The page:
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By David Bachelor, PhD
Pastor, Pearsall 1st Methodist Church
Last week many of our fellow citizens stayed up past their bedtime to watch the Times Square Ball drop. So, it was counterintuitive to have so much ink spent on sleeplessness in the same period. The need for more sleep bridged stories on issue-fatigue, COVID, New Year’s resolutions, and even travel. Few subjects can claim such a segue.
Two days before New Year’s Eve, the New York Times proclaimed, “’Worry Burnout’ Is Real.” The article illustrates how the deluge of current calamities has created issue-fatigue in a large sector of the population. In affected persons, the failure to take prophylactic measures to protect themselves is the most pathological symptom of worry-burnout. Dr. Judson Brewer, an associate professor at Brown University, states “Worry burnout might be associated with what psychologists call ‘learned helplessness’, a sense of overwhelming powerlessness after trauma.” The first step back from this “fatigue” is within anyone’s ability: Get a good night’s sleep.
Newswise.com posted the results of a survey by the American Academy of Sleep Medicine which concluded, “New Year’s Resolution: Don’t Let COVID-somnia Drag You Down!” According to their findings, “[M]ore than half of Americans (56%) say they have experienced ‘COVID-somnia,’ an increase in sleep disturbances, since the beginning of the pandemic.” Multiple stressors can cause COVID-somnia, such as financial worries, infection exposure, illness of loved ones, and quarantine-induced limited socialization. Jennifer Martin, a licensed clinical psychologist, recommends “The best way to get healthy sleep during these unprecedented times is to be intentional about your sleep habits and routines.” This is the article’s suggested 2022 Resolution.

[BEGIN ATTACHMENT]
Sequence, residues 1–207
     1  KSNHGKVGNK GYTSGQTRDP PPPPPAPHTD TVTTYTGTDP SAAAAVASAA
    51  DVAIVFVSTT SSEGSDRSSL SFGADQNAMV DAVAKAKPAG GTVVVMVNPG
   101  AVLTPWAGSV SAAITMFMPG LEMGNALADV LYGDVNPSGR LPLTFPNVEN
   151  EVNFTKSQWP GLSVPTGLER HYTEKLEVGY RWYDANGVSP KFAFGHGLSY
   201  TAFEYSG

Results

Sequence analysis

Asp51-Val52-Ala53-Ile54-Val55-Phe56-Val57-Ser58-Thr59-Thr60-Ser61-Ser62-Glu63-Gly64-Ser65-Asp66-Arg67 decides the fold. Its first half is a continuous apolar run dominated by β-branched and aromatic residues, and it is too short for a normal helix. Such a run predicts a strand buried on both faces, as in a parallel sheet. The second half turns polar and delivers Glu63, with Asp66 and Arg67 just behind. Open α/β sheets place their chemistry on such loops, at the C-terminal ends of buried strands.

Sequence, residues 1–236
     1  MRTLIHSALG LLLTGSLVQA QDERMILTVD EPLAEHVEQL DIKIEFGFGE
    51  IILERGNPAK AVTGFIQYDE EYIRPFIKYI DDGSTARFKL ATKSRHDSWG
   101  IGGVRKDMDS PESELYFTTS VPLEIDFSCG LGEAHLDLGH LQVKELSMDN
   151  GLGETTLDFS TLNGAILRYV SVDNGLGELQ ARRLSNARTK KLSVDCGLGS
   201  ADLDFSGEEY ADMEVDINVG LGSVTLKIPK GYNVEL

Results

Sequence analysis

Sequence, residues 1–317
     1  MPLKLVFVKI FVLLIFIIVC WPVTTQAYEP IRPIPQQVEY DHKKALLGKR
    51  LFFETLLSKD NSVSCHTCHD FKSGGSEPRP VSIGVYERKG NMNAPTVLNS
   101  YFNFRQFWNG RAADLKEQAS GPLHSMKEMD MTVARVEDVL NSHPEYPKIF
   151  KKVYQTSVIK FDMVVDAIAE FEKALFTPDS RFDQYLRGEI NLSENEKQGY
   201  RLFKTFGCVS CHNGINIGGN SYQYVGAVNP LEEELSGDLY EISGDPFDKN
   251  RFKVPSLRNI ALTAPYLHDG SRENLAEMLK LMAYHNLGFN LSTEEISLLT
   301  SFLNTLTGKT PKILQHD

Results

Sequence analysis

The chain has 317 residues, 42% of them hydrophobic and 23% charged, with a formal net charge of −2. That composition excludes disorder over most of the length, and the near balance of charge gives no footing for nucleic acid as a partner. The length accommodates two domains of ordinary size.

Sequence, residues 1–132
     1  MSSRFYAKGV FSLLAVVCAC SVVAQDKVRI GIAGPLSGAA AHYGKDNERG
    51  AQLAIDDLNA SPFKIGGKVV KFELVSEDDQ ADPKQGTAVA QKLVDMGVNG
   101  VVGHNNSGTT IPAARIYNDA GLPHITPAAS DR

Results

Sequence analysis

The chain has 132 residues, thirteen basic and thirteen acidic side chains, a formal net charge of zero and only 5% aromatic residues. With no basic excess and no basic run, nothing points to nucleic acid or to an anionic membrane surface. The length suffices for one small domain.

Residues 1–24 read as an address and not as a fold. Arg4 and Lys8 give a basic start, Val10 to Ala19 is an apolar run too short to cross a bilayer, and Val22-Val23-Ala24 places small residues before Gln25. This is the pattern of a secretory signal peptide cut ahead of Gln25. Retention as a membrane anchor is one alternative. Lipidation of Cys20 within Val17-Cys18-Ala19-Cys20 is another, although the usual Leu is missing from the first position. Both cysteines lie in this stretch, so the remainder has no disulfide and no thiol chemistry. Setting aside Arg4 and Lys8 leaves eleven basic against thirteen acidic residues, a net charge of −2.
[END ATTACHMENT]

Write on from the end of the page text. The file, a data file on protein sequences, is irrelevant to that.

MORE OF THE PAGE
NBCnews.com featured an unusual New Year’s Day travelogue: “This Bus Won’t Get You Out of Hong Kong, But It Might Get You to Sleep.” The article asserts, “Nearly 70 percent of Hong Kong residents have trouble sleeping, according to a telephone survey conducted last year by the Chinese University of Hong Kong.” Pandemic quarantine requirements have also limited the island’s residents’ ability to make foreign excursions. A Hong Kong bus company is catering to both sleep and travel needs with its Bus Sleeping Tour. Billed as “[T]he longest bus route in Hong Kong at 83 kilometers (51 miles).” Before riders get on the five-hour expedition, they are served a “food coma” meal and then issued ear plugs and a sleep mask. Coupled with their own CO2 they receive from the facemask riders must wear to comply with pandemic regulations, the Sleep Bus provides many passengers with better sleep than they get in their own beds.
The New Testament has a story that combines issue-fatigue, travel and sleep. In Luke 8, Jesus suggested to his disciples that they take a boat trip. During the cruise, Jesus fell asleep. A storm developed, but Jesus continued to snooze. His disciples were convinced they were going to drown (v.24). The Gospel of Mark includes a comment from the disciples which sounds like the learned helplessness of worry-burnout, “Teacher, don’t you care if we drown?” (Mar 4:38). Jesus awoke from his nap and commanded the wind and waves to cease. Then Jesus asked his disciples, “Where is your faith?” No mention is made whether the disciples allowed Jesus to return to his nap.
If the numbers are correct in the American Academy of Sleep Medicine survey, one in two Americans do not get enough sleep. Whether this is the result of COVID-somnia, some other crisis, or something fun (like New Year’s Eve), it is obvious we need to resolve to get more of this gift from God. Our lack becomes even more important if our sleeplessness is fear induced. Let us resolve for 2022 “In peace I will lie down and sleep, for you alone, LORD, make me dwell in safety” (Psalm 4:8).